Anni Kinnunen│The Great Escape
The exhibition "The Great Escape" in the museum's exhibition space Skotið, deals with the interaction between man and nature. The surrealistically colourful photographs of the series The Great Escape combine nature, artificiality and fleeting moments./*php $markup = $content['field_mynd_stor']['#markup']; $markup = str_replace('typeof="foaf:Image"', 'typeof="foaf:Image" class="lightbox"', $markup); $content['field_mynd_stor']['#markup'] = $markup; */?>
The images don’t look real, but the situations in them are genuine and not created with a photo editor. The unreal atmosphere in the works reflects our time, where altered reality is true, and we don’t always know what to trust. In her works, Kinnunen plays with the expectation of truthfulness traditionally associated with photography, but as the artist says, the camera is just a recorder and even a bad such - the artist makes the picture.
The series of pictures moves in a natural environment, but nature remains in the background of plastic wigs, glitter and smoke. The works raise questions about our relationship with nature and the possibility of an ecological disaster. How far have we receded from nature, and what is naturalness? Where are we going, and how could we move on from here?
Although the artist appears in her images herself, they are not self-portraits. The characters in the images represent people in their her workinrole-plays, reflecting the atmosphere of our time and the moods of the artist. Kinnunen uses her body as part of the g method, in which the body and its memory become part of the works. The movement seen in the pictures is created through the movements of the artist’s body, adding the element of chance to the carefully prepared shooting situations.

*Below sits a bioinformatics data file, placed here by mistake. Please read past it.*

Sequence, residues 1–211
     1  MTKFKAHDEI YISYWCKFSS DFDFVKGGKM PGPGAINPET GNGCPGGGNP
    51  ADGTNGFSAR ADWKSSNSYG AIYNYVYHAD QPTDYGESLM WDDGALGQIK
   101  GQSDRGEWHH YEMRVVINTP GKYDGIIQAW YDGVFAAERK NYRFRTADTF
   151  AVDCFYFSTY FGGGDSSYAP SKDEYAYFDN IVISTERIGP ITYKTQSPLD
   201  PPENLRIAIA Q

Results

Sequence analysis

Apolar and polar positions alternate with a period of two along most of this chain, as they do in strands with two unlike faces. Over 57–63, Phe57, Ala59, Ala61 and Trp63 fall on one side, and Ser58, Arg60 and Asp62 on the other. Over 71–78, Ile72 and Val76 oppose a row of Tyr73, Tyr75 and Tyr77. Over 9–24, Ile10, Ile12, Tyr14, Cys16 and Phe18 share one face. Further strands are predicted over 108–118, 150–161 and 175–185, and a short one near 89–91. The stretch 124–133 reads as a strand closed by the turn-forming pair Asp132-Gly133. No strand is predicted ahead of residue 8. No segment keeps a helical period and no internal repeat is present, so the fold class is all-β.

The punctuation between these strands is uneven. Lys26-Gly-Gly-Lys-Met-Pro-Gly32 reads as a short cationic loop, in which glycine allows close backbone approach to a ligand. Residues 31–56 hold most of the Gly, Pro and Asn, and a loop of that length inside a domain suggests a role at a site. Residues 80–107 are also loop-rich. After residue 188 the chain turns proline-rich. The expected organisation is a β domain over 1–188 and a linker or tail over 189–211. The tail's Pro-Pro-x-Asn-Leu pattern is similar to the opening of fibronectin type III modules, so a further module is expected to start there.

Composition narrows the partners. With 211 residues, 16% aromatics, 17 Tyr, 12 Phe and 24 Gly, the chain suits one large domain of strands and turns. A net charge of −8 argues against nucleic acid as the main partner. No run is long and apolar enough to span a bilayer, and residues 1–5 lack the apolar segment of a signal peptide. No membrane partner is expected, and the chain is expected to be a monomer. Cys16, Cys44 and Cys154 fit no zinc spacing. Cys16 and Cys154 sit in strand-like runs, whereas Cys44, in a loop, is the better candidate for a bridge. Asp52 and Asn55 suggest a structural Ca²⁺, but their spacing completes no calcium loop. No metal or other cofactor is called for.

When interested in a topic, Kinnunen begins her work by gathering information until she is ready to throw herself into the creative process. The Great Escape series was preceded by focusing on the function of the brain, on how we see things from our own perspective and are indifferent to big things that we experience distant.
During the past two decades, Kinnunen’s works have been exhibited in solo and group exhibitions in Germany, Japan, China, Russia, Denmark, Slovenia, Italy, Iceland, Luxembourg, Canada and the USA. In Finland, she has participated in events such as the Young Artists exhibition of Kunsthalle Helsinki (2009), the Snowball Effect Northern Finland Biennale (2012, 2014, 2016) and the Mänttä Art Festival (2013, 2018). Her works are included in the Oulu Museum of Art collections, the Finnish State Art Collection and the Finnish Institute in Japan, and more. In the last few years, Kinnunen has worked in artist residencies in Tokyo, Paris, Berlin, Helsinki and several places in Italy.